The People of the Longhouse: The Iroquois League
CULTURE | October 4, 2019
Iroquois longhouse. Source: (gettyimages.com)
In the northeast of what was to be the United States an American Indian people united into one of the most powerful Native American coalitions in North America.
It was so influential that many scholars believe that the Iroquois Confederacy or League may have influenced the development of American democracy.
The Great Peacemaker
According to tradition, before the European contact tribes of Native Americans just south of the Great Lakes, mostly based in today’s New York State but extending into Canada and Pennsylvania were frequently at war. These tribes, the Senecas, Mohawks, Oneidas, Onondagas, and Cayugas, had a shared language and cultural heritage but there were continual violent squabbles and wars over territory.
A figure known as the Great Peacemaker appeared on the scene. Not much is known of the Great Peacemaker, not even his proper name. Instead, he is reverentially referred to by a spiritual name Deganawida -- which signifies “two rivers flowing together” and many other names, too. But the most common is the Great Peacemaker. He can best be described as a semi-mythological prophet-like figure who preached peace between the warring nations. His argument was that if the tribes united then they could fend off attacks and achieve prosperity.
The Great Peacemaker had a major handicap -- he stammered. Traditional Indian societies were steeped in oral tradition and to have a speech impediment was a major problem. However, he found an ally in the Onondaga brave, Hiawatha, and through diplomacy established the Haudenosaunee Nation or People of the Longhouse. These people, however, came to be best known as the Iroquois -- a name of French origin with an unsure etymology.
There are alternate versions of this tale which has the Great Peacemaker as simply appearing in a vision to Hiawatha. Also, many modern scholars do not believe that Hiawatha was a singular person, but rather represented an amalgam of many Iroquois leaders. Regardless, what was established as the Great Law of Peace which created the Iroquois League or Confederacy in either in 1190 or 1451. The great disparity in these dates is due to the Confederacy having been formed at a solar eclipse that matches those dates.
The Tree of Peace
The Great Law of Peace was not recorded in a written language per se -- the Iroquois did not have any. Rather they used symbols on wampum belts. This codified the structure of government.
The Iroquois were ruled by a Grand Council of Chiefs that were selected by Clan Mothers. This 50-person body was headed by one Chief of Chiefs with the first historically being Tadadaho of the Onondaga Nation who agreed to weld his tribe to the Confederacy in return for being Chief of Chiefs. Subsequent heads of the Grand Council were called Tadadaho in his honor. The symbol of the confederacy was the Eastern White Pine, what they referred to as the Tree of Peace or the Tree of Great Long Leaves.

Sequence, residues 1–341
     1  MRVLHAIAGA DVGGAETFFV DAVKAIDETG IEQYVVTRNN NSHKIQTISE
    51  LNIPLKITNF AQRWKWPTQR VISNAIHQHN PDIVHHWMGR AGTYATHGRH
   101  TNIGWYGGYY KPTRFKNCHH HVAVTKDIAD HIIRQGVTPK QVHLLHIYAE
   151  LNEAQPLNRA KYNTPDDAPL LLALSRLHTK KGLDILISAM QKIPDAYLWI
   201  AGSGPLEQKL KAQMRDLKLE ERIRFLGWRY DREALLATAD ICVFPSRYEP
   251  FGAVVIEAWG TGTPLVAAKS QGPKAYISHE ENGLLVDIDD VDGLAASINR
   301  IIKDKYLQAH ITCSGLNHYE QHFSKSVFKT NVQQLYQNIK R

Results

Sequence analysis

The League in Action
Laws were passed only by unanimous consent of the Grand Council of Chiefs. If there was dissent then it was agreed that each tribe would establish its own policies. There was neither police nor army. In 1722, the Five Nations became six when the Tuscarora joined, which had migrated from the south.
The Confederacy was the most organized form of the Native American government. This resulted in the Iroquois becoming a regional powerhouse reaching a peak in the 17th century. There were probably never more than 12,000 people in all of the League. The relatively low population was one of the contributory causes for “Mourning Wars,” that is that when the Iroquois lost braves in raids and such, they would launch attacks on enemy tribes with the express purpose of abducting and adopting replacements. If replacements did not go along with their new role, they were likely to be executed.
During the French and Indian War (1754-1763) the confederacy sided with the British and was probably decisive in helping them win the war. However, during the American War of Independence, the Iroquois League could not maintain the same cohesive front. By the mid-nineteenth century, the League had largely been disbanded and the Iroquois had been pushed out by the Americans. A great “What-If” in history is if Europeans had never come to North America, how powerful the Iroquois might have become. Some scholars believe that they had the capability of dominating the eastern seaboard.
Of more relevance is the debated impact of the Iroquois Confederacy on the development of the American republic. Some scholars argue that while the Founding Fathers had studied the political theories of Locke and Montesquieu, the Iroquois League was the only functioning republic in existence. These scholars contend that the ideas of practical individual freedom, checks, and balances, as well as the liberty of individual tribes (or states), deeply influenced the creation first of the Articles of Confederation and then the Constitution.
The problem, other scholars contend that there is simply no evidence that there was such influence and such theories are conjectural at best. Regardless, it seems that the idea of the League was well-known to the thirteen colonies and at the least provided inspirational osmosis for democracy in America.
Tags: Native American | The Iroquois League
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Joseph A. Williams